Cars of the future were spotted on Westminster Bridge, London, on Wednesday morning (November 4th) as Shell announced its Eco-marathon Europe will be coming to London in 2016 for the first time in its 30 year history.
One of the world’s longest-running student competitions, the Eco-marathon brings together 200 teams and 300 students from across Europe and challlenges them to design and build ultra-energy-efficient vehicles and competing to see how far they can travel on one litre of fuel. The global event is held throughout the year in Asia, America and Europe.
L&D teams failing to improve business productivity, according to 2015 Towards Maturity Benchmark study
New technical and professional education reforms will address skills shortage
‘HR must continue to innovate and adapt’, says CIPD chief
National Stress Awareness Day: Call for government to extend mindfulness programme
Erik Bonino, Chairman Shell UK, said: “For 30 years, Shell Eco-marathon has helped inspire the world’s brightest young minds to design and build new vehicle technologies. ‘Make the Future’ is all about supporting bright energy ideas and providing a stage for collaboration and conversation about the global energy challenge.
“It’s inspiring to see these students pushing themselves to their creative, scientific and engineering limits. We encourage people to visit this free, unique festival where they can share, interact with and be inspired by current and future energy solutions.”
The student challenge will take place at Queen Elizabeth Olympic Park from June 30 to July 3, 2016, and will form part of ‘Make the Future’ – a public festival of bright energy ideas and innovations, aimed to raise awareness of the energy challenges we face around the world.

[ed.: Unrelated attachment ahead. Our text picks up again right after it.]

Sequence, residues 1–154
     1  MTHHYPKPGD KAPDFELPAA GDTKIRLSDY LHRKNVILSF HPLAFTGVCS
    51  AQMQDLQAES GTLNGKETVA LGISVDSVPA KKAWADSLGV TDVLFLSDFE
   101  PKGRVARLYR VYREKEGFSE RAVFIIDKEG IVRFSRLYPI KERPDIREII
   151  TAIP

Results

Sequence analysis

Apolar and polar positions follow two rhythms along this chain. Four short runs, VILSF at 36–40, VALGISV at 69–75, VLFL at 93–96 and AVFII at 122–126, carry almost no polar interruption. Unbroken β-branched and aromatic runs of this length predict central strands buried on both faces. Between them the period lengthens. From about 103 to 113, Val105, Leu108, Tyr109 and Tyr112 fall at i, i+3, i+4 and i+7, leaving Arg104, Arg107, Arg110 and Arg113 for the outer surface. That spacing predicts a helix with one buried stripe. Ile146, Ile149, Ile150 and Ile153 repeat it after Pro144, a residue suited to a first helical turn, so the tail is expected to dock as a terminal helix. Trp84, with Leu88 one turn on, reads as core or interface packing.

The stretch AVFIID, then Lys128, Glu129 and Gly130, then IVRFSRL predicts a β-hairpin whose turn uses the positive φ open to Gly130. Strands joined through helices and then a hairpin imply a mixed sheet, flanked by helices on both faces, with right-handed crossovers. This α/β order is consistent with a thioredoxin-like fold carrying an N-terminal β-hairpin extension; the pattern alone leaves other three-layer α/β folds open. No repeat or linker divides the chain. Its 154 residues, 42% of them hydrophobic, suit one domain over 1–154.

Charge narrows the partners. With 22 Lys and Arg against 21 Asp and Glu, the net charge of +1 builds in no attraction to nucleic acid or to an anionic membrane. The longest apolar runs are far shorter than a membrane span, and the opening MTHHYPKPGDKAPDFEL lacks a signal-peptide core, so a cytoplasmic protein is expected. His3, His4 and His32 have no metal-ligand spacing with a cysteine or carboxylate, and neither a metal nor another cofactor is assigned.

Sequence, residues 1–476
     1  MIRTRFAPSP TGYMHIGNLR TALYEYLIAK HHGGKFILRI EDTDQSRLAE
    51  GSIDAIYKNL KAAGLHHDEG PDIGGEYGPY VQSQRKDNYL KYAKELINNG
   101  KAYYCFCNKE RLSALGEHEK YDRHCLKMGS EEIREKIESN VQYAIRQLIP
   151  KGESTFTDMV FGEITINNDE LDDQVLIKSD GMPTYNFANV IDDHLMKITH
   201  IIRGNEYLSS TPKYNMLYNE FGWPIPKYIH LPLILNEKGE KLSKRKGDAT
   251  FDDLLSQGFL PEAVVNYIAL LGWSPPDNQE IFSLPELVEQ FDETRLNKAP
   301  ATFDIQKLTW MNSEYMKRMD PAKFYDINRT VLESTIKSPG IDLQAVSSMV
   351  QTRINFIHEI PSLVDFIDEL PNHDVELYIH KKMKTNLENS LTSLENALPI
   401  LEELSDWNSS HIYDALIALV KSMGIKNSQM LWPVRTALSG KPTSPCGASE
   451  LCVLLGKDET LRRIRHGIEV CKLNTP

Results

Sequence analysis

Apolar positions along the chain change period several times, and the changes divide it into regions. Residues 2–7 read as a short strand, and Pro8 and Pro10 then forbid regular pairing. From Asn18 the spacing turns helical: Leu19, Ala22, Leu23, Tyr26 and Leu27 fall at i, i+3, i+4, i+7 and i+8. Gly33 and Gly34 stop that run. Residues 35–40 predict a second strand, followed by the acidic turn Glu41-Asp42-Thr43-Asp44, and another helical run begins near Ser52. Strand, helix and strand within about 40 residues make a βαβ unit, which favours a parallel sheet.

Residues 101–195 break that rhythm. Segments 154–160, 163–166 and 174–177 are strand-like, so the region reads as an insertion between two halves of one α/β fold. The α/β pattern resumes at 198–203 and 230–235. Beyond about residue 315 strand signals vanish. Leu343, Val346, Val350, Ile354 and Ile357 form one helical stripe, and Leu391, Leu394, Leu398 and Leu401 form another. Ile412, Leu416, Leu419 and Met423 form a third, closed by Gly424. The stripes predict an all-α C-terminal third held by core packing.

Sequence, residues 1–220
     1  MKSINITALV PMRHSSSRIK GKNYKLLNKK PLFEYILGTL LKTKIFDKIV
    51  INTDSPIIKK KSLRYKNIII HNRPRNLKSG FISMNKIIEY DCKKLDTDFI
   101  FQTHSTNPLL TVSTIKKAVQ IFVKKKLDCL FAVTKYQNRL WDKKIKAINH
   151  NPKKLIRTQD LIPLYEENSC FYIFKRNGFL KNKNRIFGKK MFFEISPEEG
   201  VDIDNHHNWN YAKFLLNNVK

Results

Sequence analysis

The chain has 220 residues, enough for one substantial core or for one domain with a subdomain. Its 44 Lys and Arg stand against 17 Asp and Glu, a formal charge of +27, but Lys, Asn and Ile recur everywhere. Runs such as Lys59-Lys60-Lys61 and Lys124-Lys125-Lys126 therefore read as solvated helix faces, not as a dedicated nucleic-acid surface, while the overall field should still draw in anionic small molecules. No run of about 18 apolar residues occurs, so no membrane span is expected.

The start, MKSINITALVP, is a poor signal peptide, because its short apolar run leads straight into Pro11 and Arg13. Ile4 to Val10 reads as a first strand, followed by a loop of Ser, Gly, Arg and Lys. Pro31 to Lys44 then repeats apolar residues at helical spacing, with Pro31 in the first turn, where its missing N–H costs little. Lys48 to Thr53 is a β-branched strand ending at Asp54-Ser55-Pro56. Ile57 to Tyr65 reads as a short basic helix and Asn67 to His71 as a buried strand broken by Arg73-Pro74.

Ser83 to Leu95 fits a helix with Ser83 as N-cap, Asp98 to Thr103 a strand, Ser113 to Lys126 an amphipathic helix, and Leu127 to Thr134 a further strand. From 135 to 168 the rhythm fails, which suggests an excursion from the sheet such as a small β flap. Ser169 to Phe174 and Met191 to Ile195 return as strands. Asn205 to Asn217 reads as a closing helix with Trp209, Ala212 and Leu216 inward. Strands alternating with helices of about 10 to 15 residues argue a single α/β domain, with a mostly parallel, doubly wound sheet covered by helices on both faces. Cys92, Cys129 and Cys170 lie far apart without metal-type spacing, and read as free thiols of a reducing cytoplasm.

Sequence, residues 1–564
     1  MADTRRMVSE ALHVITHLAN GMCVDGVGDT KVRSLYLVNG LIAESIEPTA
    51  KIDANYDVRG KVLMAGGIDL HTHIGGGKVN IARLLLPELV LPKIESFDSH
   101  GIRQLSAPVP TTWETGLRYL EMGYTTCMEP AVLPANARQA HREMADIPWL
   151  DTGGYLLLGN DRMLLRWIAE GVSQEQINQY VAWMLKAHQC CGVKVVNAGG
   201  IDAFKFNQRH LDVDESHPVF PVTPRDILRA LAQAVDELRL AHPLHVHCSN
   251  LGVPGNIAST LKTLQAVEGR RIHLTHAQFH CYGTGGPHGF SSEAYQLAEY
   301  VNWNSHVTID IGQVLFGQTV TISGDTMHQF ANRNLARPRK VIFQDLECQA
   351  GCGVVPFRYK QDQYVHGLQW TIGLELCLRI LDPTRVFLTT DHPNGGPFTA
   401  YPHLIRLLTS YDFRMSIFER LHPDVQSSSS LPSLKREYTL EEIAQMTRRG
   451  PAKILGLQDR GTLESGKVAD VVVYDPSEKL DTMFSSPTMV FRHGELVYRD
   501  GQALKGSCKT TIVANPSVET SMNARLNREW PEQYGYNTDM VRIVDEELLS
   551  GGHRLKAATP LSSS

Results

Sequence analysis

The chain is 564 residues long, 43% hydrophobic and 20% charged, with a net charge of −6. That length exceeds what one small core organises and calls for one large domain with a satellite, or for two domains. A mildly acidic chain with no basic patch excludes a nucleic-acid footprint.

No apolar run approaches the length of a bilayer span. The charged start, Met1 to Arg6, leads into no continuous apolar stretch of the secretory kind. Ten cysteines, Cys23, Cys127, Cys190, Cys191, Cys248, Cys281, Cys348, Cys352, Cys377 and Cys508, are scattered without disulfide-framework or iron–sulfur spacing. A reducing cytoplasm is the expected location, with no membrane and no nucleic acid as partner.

Mayor of London, Boris Johnson MP, said, “I am thrilled to welcome the world’s best science and tech innovators to London as they strive to make motor vehicles more and more energy efficient, saving carbon and reducing air pollution.
“London is home to the best designers, engineers and entrepreneurs who I know will rise to the challenge of developing the transformational low energy cars of the future.”
Yesterday’s event coincided with Engineer Week (2-6th November), which shines a spotlight on engineering careers in a way that young people, and particularly girls, may have never considered before.
Shannon Hill, a student from University of Central Lancashire, one of the participants in the global competition said: “When I joined university there were lots of opportunities I could get involved with. Shell Eco-marathon really stood out to me because it was so different and it’s not like any of the other things I could have got involved with. But this is so future thinking, I was intrigued and immediately wanted to get involved. She spoke about the importance of
The UK is particularly lacking in workers proficient in Stem subjects – science, technology, engineering and maths. In the next decade, employers will need 1.82m people with engineering skills.
Hill said: “Currently there are about 12 people in our team and I’m the only girl. In total from 100 people in my year in engineering, there are about 5 or 6 girls. On motorsports in particular, I’m currently the only girl. There could be more, and gradually I think we’re getting more girls in engineering, but in general it isn’t well-known to children at a young enough age. Whether it’s girls or boys, it’s not being presented in a way that really excites children.
“That’s one of the things I really liked about Shell Eco-marathon, having previously participated in the event. As well as the race element, the energy lab – an experiential area at the event, is something, which targeted younger children and let them have fun with science. I hope it inspires more kids to think about further education in engineering.
New research from EngineeringUK released this week found cyber sexism is still rife when it comes to the depiction of engineers on websites used by young people, leading to girls being put off from a potentially well-paid and rewarding career in the industry.
“Mainstream media always targets fashion and entertainment and what not. They don’t really present anything engineering related in general. It should be more present. Yes the computer games are fun, but they (media) don’t show the more interesting aspects behind engineering as a topic.
“In years gone by, people used to get excited about inventions or new technologies, when NASA first made breakthroughs. It was something that really excited children in engineering. But there’s less now in that respect that pushes children in that direction. That’s what I’m hoping ‘Make the Future’ in London next year will be able to do,” added Hill.